So here’s the abridged version of what you need to know about Bitcoin…Bitcoin is called a crypto currency because according to Wikipedia, it “it uses cryptography to control the creation and transfer of money.” There are these nerds called miners who perform the cryptography necessary to verify and initiate the transaction between the seller and buyer. This is the beauty of Bitcoin right here, the miners act as the intermediaries of the transaction, and see to it that the bitcoins are not double-spent or counterfeit. Mining is become increasingly more complex as the number of transactions increases. Additionally, miners need to have increasingly more computer power to keep up. Miners can receive newly minted bitcoins as well as transaction fees for the work they perform. Once miners have mined 21 million bitcoins, there ends the period where new bitcoins come into the market. The miners will make money on just transaction fees at that point.  Mining is not for everyone though. Obviously, you need to be somewhat computer or IT savvy, but these days you also need ridiculously fast computers to keep up with other miners you are trying just as hard or harder than you to correctly “hash” the next block in the Bitcoin “blockchain,” which is the public ledger of all Bitcoin transactions. The transaction is public, but the identities of the buyer and seller are hidden, which made Bitcoin the choice currency for the now defunct Silk Road marketplace.  

Bitcoin is a deflationary currency, meaning only a finite amount will ever be put into play. You can buy bitcoins through a mobile device, web application or through wallet software. And soon you will be able to buy and sell bitcoins through ATMs, like, end of this month soon (for Americans that is.) You can store your Bitcoins in the cloud (hot storage) or offline on a piece of paper (cold storage.) Each bitcoin has an address that is made up of around 33 letters and numbers which is used as its primary key or unique identifier.

There are multitudes of online merchants who will take your bitcoins just as fast as those Federal Notes: WordPress, The Sacramento Kings,, Zoo York Snowboards, OKCupid, ETSY and others, just to name some of the big names, and the list is only growing bigger. One thing I read about was that Bitcoin is a great thing for micropayments, which are payments that are less than a dollar. Many businesses are cash-only, or they have some kind of credit card minimum purchase (which I hate so much BTW….like dude, “I just want to buy 1 beer. I don’t want to have to take 2 extra shots just to get my 1 beer cause of your stupid credit card minimum./rant) I don’t know when we will see Bitcoin as a legitimate point of sale currency option, but it will probably be here sooner than later, whether it is Bitcoin or the new hotness in cyber-currencies.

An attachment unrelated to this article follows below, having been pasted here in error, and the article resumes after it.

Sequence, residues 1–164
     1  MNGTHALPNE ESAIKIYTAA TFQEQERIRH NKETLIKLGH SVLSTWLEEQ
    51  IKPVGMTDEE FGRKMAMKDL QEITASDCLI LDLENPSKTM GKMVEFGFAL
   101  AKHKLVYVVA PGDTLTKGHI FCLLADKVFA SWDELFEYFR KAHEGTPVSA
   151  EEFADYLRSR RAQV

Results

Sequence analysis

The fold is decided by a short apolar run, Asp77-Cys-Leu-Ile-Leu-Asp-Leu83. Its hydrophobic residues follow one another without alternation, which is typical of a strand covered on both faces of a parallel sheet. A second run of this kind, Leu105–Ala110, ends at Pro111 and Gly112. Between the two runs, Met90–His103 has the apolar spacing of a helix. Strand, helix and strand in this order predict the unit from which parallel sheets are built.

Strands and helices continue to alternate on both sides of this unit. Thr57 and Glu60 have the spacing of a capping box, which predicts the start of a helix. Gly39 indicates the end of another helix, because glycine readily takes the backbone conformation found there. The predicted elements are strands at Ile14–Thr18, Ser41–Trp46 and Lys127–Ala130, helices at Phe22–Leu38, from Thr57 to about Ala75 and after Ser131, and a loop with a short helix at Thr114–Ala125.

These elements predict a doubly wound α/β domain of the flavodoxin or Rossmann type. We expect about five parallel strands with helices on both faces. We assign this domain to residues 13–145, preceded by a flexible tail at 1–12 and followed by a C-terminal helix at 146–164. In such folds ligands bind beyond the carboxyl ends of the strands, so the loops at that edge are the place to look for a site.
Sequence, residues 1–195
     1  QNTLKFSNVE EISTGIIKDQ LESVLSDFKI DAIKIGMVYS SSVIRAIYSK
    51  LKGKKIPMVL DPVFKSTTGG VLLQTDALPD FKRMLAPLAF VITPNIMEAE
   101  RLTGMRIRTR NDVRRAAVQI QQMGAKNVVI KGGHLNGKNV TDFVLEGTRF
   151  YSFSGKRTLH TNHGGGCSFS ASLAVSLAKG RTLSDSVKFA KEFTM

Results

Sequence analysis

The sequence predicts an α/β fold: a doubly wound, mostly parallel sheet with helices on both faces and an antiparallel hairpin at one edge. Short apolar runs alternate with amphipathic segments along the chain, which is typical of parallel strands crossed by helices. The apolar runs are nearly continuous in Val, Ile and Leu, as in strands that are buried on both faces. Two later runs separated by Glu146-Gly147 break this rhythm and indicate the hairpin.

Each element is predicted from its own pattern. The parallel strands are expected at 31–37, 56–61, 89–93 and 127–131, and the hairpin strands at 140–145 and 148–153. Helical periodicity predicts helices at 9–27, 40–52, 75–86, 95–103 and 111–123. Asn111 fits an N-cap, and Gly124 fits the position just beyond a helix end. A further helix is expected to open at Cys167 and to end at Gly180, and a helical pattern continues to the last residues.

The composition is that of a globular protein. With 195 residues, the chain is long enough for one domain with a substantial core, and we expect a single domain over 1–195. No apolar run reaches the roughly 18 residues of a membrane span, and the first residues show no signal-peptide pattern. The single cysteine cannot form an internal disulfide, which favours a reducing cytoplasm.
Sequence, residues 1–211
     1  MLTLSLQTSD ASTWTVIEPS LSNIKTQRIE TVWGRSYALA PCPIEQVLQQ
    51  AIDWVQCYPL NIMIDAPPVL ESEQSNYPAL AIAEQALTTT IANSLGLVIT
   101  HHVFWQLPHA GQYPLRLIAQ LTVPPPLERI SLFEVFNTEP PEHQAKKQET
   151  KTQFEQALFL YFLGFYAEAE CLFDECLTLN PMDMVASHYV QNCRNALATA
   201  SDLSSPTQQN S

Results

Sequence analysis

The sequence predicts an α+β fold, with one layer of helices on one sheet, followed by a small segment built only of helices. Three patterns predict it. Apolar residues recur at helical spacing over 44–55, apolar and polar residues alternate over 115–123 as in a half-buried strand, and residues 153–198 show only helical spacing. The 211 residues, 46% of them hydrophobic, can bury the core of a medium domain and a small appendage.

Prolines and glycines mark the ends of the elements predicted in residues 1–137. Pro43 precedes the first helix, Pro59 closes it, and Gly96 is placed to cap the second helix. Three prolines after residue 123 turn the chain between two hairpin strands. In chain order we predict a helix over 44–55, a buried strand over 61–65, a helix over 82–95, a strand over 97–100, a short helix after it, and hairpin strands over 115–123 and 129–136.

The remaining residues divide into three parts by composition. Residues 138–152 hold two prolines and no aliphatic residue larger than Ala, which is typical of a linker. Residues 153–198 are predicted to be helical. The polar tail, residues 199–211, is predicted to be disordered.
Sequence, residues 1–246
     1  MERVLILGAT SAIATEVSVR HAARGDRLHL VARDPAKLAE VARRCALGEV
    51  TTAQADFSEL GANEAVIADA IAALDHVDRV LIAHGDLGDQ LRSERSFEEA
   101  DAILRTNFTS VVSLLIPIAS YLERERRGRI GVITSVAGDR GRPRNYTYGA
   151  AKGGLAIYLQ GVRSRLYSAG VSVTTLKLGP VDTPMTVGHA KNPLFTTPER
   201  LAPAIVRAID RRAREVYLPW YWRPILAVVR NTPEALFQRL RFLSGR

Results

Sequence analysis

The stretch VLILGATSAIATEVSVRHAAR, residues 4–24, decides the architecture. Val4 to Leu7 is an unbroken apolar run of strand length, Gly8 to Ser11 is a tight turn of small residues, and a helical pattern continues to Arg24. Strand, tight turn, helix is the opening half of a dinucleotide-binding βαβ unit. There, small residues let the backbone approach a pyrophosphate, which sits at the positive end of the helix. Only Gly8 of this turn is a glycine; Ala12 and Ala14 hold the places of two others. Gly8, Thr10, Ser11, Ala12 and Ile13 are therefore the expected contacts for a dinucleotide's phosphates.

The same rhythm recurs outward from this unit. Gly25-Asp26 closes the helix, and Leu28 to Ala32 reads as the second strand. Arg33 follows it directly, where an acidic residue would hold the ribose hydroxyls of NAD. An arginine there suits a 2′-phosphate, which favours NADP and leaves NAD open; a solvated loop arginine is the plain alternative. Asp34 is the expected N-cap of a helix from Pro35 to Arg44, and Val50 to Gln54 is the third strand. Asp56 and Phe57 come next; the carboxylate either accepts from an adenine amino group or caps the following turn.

Cameron and Tyler Winklevoss, aka the Winklevii Twins from “The Social Network” are some of Bitcoins most noteworthy investors, who dumped $1.5 million into a place where you can buy and sell Bitcoins, called Bitinstant. Don’t try to go there though, I’m pretty sure the Feds shut it down less than a month ago pending an investigation into money laundering involving Bitcoin by the CEO.

Bitcoin has its fair share of problems, some of which are pretty rough. Recently, there has been trouble with withdrawals from exchange sites, much like the issues customers faced with the online poker sites years ago. There is also the problem of theft by hackers, which prompts some people to use “cold storage.” If your credit card or debit card gets stolen, most financial institutions will attempt to investigate, or at least credit you the funds you are out, but lost or stolen bitcoins are unrecoverable. Regardless of the pros and cons, Bitcoin and its copycat currencies are here to stay, at least for now.


Saturday, February 1, 2014

I'll take one Double Irish, and better throw a Dutch sandwich in there

(Image Courtesy of

If you never thought that accountants could architect great works just like Gaud√≠ or some other famous architects who I can’t possibly name, you need to think again. Today we are going to talk about a tax avoidance (not evasion) system that when you first hear it, may be somewhat complex, but I’ll do my best to dumb it down to our simpleton level. This is the infamous “Double Irish with a Dutch Sandwich (DIWDS).” Yes I know it sounds like some crazy sexual act, or something you might purchase at Starbucks, but in fact it is a strategy that has prolonged the payment of US corporate tax for many of the behemoth tech companies we know and love today. I suggest you pay attention because this is currently an issue that is being debated, guaranteed a company you love is using it, involves a lot of countries, and involves a LOT of money. After reading this, you will be able to debate your position on the issue more effectively.